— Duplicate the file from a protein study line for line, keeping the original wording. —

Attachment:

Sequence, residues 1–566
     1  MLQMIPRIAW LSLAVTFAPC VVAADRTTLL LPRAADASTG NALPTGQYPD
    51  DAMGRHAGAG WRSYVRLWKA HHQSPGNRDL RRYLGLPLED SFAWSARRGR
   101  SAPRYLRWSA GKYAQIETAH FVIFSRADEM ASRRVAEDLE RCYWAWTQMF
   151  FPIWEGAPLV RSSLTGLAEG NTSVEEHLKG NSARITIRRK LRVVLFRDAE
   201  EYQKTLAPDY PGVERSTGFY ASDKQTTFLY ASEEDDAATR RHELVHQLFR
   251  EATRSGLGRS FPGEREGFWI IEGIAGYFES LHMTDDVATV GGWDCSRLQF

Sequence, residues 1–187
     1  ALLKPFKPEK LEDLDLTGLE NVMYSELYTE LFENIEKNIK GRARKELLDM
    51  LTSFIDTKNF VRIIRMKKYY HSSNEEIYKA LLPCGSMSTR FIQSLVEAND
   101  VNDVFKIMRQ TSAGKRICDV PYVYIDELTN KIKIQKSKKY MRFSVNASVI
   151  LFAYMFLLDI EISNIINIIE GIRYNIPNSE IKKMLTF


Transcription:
Sequence, residues 1–566
     1  MLQMIPRIAW LSLAVTFAPC VVAADRTTLL LPRAADASTG NALPTGQYPD
    51  DAMGRHAGAG WRSYVRLWKA HHQSPGNRDL RRYLGLPLED SFAWSARRGR
   101  SAPRYLRWSA GKYAQIETAH FVIFSRADEM ASRRVAEDLE RCYWAWTQMF
   151  FPIWEGAPLV RSSLTGLAEG NTSVEEHLKG NSARITIRRK LRVVLFRDAE
   201  EYQKTLAPDY PGVERSTGFY ASDKQTTFLY ASEEDDAATR RHELVHQLFR
   251  EATRSGLGRS FPGEREGFWI IEGIAGYFES LHMTDDVATV GGWDCSRLQF

Sequence, residues 1–187
     1  ALLKPFKPEK LEDLDLTGLE NVMYSELYTE LFENIEKNIK GRARKELLDM
    51  LTSFIDTKNF VRIIRMKKYY HSSNEEIYKA LLPCGSMSTR FIQSLVEAND
   101  VNDVFKIMRQ TSAGKRICDV PYVYIDELTN KIKIQKSKKY MRFSVNASVI
   151  LFAYMFLLDI EISNIINIIE GIRYNIPNSE IKKMLTF